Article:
Common Defects That Are Found In Wood Burning Stoves
While you might treat wood-burning stoves just like any other simple appliance out there, there can be multiple issues that might put the overall safety & health of your family members at risk. The stove might have a defective door, sit in an unsafe location or have any other such type of problems.
A wood-burning stove doesn’t have many moving parts because it’s a manual appliance, and even if it does, then there would be an additional mechanical blower. However, defects can still arise over time and that’s what we’re going to discuss in this comprehensive guide of ours.
Commonly Found Problems In Wood-Burning Stoves
- Very Close To Combustible Surfaces
Professional home inspector in Pueblo CO states that most modern wood-burning stoves are installed in such a manner that they’re placed at a sufficient clearance from other combustible materials, especially wooden floors & walls.
For instance, if the wood-burning stove is installed directly on a wooden floor, then the process isn’t safe because the burning stove will be in direct contact with the wood. Flames from the stove can easily affect the floor beneath it and thereby run the risks of catching in-house fire.
That’s why, the best way to get around such an issue would be to install a non-combustible floor protector, onto which the wood-burning stove can be installed. Similarly, a similar concept should be applied when maintaining a sufficient distance from the walls.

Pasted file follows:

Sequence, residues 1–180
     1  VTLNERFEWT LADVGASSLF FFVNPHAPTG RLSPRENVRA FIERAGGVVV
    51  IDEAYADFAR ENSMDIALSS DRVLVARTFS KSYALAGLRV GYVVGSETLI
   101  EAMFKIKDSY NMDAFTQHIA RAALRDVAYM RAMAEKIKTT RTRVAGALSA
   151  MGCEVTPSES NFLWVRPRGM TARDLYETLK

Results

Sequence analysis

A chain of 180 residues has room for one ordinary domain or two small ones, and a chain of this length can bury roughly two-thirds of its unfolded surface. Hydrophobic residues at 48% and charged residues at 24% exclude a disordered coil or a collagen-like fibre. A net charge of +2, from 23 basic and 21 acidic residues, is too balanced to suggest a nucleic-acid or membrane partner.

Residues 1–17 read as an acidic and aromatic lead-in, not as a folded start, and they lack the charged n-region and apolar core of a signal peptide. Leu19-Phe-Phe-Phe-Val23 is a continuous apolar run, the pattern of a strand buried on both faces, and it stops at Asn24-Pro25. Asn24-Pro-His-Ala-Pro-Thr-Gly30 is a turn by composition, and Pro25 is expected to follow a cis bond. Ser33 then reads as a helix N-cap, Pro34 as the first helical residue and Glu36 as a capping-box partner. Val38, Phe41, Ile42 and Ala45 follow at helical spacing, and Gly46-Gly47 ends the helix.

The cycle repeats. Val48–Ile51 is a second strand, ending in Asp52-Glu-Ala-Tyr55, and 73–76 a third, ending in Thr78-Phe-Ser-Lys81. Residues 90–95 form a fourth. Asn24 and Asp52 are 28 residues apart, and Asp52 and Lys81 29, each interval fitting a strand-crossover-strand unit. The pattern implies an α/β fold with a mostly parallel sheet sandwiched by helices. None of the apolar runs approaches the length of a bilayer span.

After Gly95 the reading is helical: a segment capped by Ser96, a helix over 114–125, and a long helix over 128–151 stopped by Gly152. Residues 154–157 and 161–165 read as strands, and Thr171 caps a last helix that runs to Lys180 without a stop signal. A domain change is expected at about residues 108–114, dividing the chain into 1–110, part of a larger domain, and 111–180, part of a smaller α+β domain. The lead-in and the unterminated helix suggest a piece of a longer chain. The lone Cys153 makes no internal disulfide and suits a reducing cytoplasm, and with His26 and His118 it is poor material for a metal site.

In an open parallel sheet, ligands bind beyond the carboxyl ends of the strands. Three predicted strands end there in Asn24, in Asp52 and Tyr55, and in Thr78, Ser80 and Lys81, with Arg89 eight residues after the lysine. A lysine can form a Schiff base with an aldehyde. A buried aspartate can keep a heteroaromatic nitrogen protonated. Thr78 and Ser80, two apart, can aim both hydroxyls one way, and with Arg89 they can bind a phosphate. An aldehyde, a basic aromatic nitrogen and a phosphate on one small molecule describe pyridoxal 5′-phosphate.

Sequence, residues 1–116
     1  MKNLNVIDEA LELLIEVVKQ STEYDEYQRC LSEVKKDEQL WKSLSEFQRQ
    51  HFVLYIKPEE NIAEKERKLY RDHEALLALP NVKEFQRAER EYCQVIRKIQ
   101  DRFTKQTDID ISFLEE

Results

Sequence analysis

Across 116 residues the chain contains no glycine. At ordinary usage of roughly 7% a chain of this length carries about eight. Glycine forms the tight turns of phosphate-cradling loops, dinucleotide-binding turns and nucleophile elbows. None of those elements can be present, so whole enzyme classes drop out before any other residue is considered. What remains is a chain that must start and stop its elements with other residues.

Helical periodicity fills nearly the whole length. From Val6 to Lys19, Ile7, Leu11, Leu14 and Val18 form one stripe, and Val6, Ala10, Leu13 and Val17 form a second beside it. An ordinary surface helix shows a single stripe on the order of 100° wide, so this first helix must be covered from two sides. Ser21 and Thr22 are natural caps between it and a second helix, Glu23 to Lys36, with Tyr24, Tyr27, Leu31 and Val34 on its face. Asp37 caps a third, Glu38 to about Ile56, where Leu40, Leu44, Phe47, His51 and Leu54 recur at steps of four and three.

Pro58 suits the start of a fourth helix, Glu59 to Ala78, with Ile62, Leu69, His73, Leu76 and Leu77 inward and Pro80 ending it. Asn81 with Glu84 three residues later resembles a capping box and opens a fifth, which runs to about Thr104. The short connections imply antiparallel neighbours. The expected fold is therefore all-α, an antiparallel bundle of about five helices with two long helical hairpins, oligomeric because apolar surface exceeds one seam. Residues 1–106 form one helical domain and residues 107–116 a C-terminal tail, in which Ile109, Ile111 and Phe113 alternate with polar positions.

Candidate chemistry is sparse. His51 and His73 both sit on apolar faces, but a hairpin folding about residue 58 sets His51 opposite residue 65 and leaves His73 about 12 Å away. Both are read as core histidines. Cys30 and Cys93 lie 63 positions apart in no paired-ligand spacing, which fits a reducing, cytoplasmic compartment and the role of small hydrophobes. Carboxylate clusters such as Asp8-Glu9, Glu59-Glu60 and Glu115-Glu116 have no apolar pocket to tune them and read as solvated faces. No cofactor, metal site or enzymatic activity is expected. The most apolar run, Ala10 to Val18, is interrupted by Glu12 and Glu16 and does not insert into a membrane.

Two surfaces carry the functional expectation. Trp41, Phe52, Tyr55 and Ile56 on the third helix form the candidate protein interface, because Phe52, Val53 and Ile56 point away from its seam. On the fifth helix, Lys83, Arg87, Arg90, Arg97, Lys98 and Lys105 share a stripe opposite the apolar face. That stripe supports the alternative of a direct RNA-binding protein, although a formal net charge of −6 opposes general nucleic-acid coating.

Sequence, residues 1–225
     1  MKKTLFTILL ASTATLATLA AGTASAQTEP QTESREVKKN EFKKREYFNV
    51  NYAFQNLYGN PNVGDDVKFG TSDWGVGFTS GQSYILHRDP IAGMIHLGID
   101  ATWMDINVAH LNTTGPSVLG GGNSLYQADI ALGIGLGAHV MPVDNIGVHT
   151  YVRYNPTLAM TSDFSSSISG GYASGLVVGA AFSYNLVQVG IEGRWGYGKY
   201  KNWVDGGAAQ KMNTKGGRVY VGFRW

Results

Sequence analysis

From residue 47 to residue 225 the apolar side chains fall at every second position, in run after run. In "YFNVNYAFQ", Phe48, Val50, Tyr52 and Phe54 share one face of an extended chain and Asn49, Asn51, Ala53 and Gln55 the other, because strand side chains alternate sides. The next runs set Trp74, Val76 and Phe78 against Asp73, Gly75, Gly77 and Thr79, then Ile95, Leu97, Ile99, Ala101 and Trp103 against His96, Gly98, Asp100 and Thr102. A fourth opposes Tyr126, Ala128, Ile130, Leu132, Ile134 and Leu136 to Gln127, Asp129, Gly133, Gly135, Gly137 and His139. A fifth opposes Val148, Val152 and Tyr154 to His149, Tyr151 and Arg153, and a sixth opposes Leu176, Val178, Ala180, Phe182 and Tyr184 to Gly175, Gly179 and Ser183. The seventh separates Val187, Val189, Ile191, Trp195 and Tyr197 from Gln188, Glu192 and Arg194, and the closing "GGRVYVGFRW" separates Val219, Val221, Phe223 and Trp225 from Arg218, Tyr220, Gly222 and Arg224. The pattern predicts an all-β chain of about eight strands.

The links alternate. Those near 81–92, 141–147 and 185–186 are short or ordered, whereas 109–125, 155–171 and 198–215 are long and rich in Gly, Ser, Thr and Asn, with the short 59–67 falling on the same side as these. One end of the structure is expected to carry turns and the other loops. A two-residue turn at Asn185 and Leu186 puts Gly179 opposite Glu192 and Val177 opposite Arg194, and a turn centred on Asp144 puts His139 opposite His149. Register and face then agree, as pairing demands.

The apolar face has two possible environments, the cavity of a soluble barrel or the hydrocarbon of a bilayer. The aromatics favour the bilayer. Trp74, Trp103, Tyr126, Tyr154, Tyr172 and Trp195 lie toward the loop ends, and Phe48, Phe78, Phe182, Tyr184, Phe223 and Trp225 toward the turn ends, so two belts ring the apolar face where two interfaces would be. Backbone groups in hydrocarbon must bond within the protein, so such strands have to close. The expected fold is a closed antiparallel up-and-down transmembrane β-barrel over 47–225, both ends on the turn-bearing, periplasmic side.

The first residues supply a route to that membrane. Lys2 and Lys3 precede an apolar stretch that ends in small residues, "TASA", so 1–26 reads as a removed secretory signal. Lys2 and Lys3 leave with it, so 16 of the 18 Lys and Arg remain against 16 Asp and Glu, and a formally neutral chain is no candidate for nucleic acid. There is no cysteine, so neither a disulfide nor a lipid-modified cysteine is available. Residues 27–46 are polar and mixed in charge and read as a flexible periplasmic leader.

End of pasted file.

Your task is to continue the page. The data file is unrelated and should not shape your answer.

- Cracks In The Stove’s Structure
Wood burning stoves are designed in such a manner that they remain as much air-tight from the inside as possible. This means that the smoke & fire that is created inside of the stove’s structure should remain inside and not leak outside.
However, any presence of cracks on the surface of the stove will break that air-tight seal and the toxic gases from the inside of the stove will start flowing into the insides of your home. Gases like carbon-dioxide, carbon-monoxide and so on can be really dangerous for the health of you as well as your family members.
- Build-Up Of Creosote
Creosote can be defined as a natural by-product that is caused when you burn any type of combustible fuel – be it coal or wood. Over time, creosote starts to build-up inside the burning area of the stove as well as the pipes. If you can perform regular cleaning, then the build-up process can be mitigated. But, if you don’t, you should understand that creosote is flammable and it can directly lead to house fires.
Well, that brings us to the conclusion of our extensive write-up on wood-burning stoves. In case you have any feedback to share, be sure to let us know.